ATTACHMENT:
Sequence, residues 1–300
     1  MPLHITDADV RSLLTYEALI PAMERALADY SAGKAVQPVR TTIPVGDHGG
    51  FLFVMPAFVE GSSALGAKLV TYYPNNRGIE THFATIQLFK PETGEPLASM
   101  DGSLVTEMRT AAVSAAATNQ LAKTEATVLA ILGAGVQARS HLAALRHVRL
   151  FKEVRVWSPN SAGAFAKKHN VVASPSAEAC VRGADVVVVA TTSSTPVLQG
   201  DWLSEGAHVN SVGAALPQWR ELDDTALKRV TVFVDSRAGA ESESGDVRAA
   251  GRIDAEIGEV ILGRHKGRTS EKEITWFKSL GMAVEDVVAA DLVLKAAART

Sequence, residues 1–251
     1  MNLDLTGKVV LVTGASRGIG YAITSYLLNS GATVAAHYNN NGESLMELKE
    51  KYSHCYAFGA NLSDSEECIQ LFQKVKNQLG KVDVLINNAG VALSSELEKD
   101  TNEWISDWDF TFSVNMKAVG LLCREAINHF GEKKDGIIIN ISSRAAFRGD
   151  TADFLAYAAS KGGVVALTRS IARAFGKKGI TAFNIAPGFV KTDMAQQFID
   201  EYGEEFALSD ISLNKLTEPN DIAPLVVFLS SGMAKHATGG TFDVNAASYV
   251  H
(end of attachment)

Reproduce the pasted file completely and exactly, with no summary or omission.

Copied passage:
Sequence, residues 1–300
     1  MPLHITDADV RSLLTYEALI PAMERALADY SAGKAVQPVR TTIPVGDHGG
    51  FLFVMPAFVE GSSALGAKLV TYYPNNRGIE THFATIQLFK PETGEPLASM
   101  DGSLVTEMRT AAVSAAATNQ LAKTEATVLA ILGAGVQARS HLAALRHVRL
   151  FKEVRVWSPN SAGAFAKKHN VVASPSAEAC VRGADVVVVA TTSSTPVLQG
   201  DWLSEGAHVN SVGAALPQWR ELDDTALKRV TVFVDSRAGA ESESGDVRAA
   251  GRIDAEIGEV ILGRHKGRTS EKEITWFKSL GMAVEDVVAA DLVLKAAART

Sequence, residues 1–251
     1  MNLDLTGKVV LVTGASRGIG YAITSYLLNS GATVAAHYNN NGESLMELKE
    51  KYSHCYAFGA NLSDSEECIQ LFQKVKNQLG KVDVLINNAG VALSSELEKD
   101  TNEWISDWDF TFSVNMKAVG LLCREAINHF GEKKDGIIIN ISSRAAFRGD
   151  TADFLAYAAS KGGVVALTRS IARAFGKKGI TAFNIAPGFV KTDMAQQFID
   201  EYGEEFALSD ISLNKLTEPN DIAPLVVFLS SGMAKHATGG TFDVNAASYV
   251  H